Pandorga 2016

Apricots on the nose, bright acidity and a palate of pure apricot jam with a rich, sugary finish.

Pandorga, by Cota 45, is a single vineyard, vintage 100% pedro ximenez from Jerez that is unlike most pedro ximenez you may have tasted. Young and fresh, the grapes have had some sun-drying but not to the point of becoming raisins and the resulting wine is more opulent in fruit on the one hand and (slightly) less loaded with sugar on the other.

And like many of the wines from Cota 45 there is some fascinating wine making going on beneath the surface. Whereas many pedro ximenez wines are made in a way that minimizes the difference between vintages (more sun-drying in cooler vintages, less in warm ones), this wine is prepared in a “procyclical” way. As such, the relatively cool 2014 was given less sub drying, the much warmer 2015 much more, and this something in between. As a result you get three very different wines: just as an indication the 2014 had 12 degrees of alcohol, the 2015 had so little -5% – it couldn’t legally be called a wine, and this one has 11,5%.

Wines that express the varietal and shout out the vintage. And superb wines too!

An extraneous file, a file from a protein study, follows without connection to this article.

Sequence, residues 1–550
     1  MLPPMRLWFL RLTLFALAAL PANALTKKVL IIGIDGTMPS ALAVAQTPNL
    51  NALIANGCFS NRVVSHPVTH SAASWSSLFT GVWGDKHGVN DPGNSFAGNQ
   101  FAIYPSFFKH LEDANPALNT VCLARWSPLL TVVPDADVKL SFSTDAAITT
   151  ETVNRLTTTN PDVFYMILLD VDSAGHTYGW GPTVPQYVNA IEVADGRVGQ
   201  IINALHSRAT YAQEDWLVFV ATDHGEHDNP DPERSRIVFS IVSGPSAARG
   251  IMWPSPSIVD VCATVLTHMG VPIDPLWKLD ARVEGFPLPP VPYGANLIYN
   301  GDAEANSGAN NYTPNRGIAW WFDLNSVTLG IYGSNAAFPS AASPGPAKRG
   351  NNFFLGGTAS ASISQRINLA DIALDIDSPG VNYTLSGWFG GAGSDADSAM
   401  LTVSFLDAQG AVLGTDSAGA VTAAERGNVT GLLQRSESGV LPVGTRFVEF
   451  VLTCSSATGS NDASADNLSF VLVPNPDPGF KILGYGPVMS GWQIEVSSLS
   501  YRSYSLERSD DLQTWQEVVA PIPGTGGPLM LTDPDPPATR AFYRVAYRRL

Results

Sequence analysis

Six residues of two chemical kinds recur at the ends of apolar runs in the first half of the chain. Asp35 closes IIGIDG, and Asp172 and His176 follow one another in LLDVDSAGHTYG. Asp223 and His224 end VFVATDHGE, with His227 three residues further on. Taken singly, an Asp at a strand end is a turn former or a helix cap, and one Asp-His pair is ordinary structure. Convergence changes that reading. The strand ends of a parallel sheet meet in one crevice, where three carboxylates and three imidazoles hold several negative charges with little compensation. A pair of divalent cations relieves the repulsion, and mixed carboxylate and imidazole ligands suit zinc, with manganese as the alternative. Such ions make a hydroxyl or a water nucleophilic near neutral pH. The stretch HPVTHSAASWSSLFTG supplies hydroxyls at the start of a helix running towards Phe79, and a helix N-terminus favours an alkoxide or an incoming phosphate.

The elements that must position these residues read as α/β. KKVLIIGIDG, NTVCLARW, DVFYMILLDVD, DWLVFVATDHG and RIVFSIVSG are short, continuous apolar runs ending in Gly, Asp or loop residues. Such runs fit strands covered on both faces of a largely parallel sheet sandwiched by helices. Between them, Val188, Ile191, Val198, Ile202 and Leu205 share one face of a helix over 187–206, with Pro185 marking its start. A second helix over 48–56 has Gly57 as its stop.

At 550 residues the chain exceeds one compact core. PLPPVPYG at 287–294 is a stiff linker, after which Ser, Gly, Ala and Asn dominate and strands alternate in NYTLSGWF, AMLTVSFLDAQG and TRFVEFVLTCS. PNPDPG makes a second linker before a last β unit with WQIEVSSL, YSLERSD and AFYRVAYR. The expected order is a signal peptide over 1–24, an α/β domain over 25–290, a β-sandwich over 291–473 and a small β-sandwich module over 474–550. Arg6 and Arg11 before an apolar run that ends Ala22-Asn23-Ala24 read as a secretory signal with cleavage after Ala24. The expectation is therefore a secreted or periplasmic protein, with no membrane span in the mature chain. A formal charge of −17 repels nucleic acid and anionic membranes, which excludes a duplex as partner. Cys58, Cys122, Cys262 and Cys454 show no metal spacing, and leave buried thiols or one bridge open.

1955 Palo Cortado by Perez Barquero in Taberna Palo Cortado

One of many long overdue posts from one of many really top class lunches at Taberna Palo Cortado, unquestionably the number one place for any sherrylover (with apologies to Perez Reverte) in Madrid. They have more wines by the glass than anywhere else, and it really is a case of whatever your heart desires.

The only problem with it, in fact, is that when I go I end up so pie-eyed that the notes are so sketchy and the list of wines is so long I never get round to writing them up. But in a fit of back to work puritanism here I am writing up some of the wines from a marvellous lunch just a few months ago.

This is an absolutely cracking old wine from the other place, Montilla Moriles, which to me throws up a few interesting issues.

First, the wine – this is a gorgeous old oxidated wine, 100% pedro ximenez but almost fully dry – maybe just the tiniest amount of sugar – nice acidity, lovely rich flavours in a nice spectrum and no edges. Really top class, elegant but rounded wine, the kind you could enjoy best with a good book and a comfy chair.

And then, the issues.

First, the “1955” is a touch misleading, at best. I am told it refers to the approximate age of the solera, as anyone who knows their way around will appreciate, but many punters will not, and given the price band, some punters may think they are drinking something that is older than it is.